Mobility solutions are all about fostering independence. What better option than one that makes sure you can still utilize and enjoy every part of your home?
Stairlifts make it safe and easy for those with limited mobility to access every floor of their house. This helps remove a barrier to allow people to remain in their homes as long as they’d like.
Here is a checklist of some criteria your home should meet in order to accommodate a stairlift:
A convenient power source
Stairlifts are battery-powered and need to charge. Thus, you should have a power outlet near the staircase. It doesn’t matter whether it’s at the top of the bottom of the stairs, but it’s recommended the outlet be within 20 feet or so of the staircase. If you don’t already have a power outlet located there, that isn’t in itself a dealbreaker — an electrician can add one closer to the stairs.
Enough width to operate
This could vary depending on the model of stairlift you want and what type of staircase is in your house. All stairlifts can operate without issue on a 36-inch-wide staircase, which is considered standard. Some models work fine on a 28-inch-wide staircase.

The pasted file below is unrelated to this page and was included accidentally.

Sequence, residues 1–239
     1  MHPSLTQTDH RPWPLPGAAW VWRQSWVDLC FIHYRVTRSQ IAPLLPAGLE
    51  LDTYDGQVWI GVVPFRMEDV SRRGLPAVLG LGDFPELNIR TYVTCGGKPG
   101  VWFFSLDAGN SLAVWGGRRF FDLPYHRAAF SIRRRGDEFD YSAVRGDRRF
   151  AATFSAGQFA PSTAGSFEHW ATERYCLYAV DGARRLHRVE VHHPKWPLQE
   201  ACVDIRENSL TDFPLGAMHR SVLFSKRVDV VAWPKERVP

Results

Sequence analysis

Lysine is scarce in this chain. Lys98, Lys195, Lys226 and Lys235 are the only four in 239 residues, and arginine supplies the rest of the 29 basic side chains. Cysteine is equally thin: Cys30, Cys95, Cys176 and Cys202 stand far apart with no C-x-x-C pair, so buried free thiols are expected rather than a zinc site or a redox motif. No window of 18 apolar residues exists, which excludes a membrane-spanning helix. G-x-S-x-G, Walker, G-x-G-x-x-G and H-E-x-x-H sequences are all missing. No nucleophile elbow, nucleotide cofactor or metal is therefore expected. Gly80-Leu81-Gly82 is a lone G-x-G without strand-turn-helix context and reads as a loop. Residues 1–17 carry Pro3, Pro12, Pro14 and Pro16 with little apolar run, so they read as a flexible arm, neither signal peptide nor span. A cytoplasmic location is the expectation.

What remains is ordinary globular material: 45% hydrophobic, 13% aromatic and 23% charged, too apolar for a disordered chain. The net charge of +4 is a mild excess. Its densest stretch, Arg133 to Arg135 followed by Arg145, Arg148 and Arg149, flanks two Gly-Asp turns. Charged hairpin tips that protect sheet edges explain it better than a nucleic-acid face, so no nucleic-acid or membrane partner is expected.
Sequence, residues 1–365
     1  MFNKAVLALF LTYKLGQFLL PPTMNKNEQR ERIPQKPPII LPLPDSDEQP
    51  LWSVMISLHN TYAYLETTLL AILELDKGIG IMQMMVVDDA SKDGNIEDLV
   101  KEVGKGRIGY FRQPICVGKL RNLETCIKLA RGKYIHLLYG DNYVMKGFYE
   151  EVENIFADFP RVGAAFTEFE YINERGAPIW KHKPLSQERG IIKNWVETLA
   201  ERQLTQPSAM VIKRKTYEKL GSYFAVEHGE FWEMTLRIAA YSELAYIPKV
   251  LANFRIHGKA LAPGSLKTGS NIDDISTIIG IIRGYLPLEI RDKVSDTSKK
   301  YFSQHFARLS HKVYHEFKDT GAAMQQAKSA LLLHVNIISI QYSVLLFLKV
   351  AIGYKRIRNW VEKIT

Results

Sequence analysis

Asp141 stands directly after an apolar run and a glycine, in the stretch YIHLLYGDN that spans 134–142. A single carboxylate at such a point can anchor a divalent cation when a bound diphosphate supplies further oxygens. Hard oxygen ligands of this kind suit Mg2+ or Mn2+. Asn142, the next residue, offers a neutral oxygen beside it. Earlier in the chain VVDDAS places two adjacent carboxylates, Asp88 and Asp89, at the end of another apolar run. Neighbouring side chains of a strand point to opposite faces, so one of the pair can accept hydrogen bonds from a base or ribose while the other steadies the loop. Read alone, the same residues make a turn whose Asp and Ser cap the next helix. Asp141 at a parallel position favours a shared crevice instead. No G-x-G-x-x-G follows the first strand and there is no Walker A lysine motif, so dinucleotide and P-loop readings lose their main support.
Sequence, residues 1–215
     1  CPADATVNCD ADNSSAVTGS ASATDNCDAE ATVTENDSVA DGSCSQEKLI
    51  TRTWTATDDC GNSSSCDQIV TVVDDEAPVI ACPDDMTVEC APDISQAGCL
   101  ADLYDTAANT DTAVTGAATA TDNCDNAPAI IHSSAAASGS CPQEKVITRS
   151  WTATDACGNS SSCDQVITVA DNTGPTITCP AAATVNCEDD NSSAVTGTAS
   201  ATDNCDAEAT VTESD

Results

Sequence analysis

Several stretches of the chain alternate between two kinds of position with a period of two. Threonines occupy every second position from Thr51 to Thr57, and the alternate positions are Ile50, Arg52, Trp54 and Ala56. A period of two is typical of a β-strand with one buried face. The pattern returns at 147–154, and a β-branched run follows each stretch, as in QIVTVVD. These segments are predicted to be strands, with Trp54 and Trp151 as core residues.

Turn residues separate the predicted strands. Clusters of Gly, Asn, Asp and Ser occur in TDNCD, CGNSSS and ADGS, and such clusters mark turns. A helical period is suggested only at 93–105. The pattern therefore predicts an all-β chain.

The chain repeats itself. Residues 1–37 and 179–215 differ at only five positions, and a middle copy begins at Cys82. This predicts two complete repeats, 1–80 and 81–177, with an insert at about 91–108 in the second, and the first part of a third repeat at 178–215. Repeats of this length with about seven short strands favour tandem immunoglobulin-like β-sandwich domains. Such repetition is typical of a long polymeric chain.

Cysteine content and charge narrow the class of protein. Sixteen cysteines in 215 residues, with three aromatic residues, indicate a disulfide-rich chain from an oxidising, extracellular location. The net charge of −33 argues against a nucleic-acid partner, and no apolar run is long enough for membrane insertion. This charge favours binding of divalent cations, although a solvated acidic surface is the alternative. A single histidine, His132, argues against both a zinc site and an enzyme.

Does your staircase have curves or corners? No problem. Tri-State Mobility’s line of products includes the Handicare 2000 Curved Stairlift and the Handicare Freecurve Stairlift for just such designs. Your staircase should be around 30 inches wide to make this work well.
Enough head clearance
This is as simple as it sounds — is your staircase constructed in a way that keeps you from hitting your head ascending or descending the steps? This isn’t typically an issue in modern homes, but is worth verifying before getting a stairlift of your own. This basically comes down to, again, whether or not you currently bump your head on the ceiling on the stairs — in which case we can work with you to take measurements to see if a stairlift will work. If you currently have no trouble getting up and down the stairs from a headroom perspective, this probably won’t be an issue with a stairlift.
Sufficient room to get the stairlift started
Your stairlift will need some space at the bottom and the top of the stairs to ensure its user can get on and off it safely. Again, this is somewhat dependent on each individual staircase, but you should probably have around 2 to 2.5 feet of space beyond the bottom step. This is something we can work around if that space isn’t available, with certain types of tracks adjustable to meet your needs — a hinge track, which can flip out of the way; a slide track, which glides along with the stairlift up and down the stairs; or a curved stairlift, which could park the chair far enough away from the staircase for it to still be accessible to everyone.
Whatever your staircase situation, and whatever your desires in regard to a specific stairlift, Tri-State Mobility can help!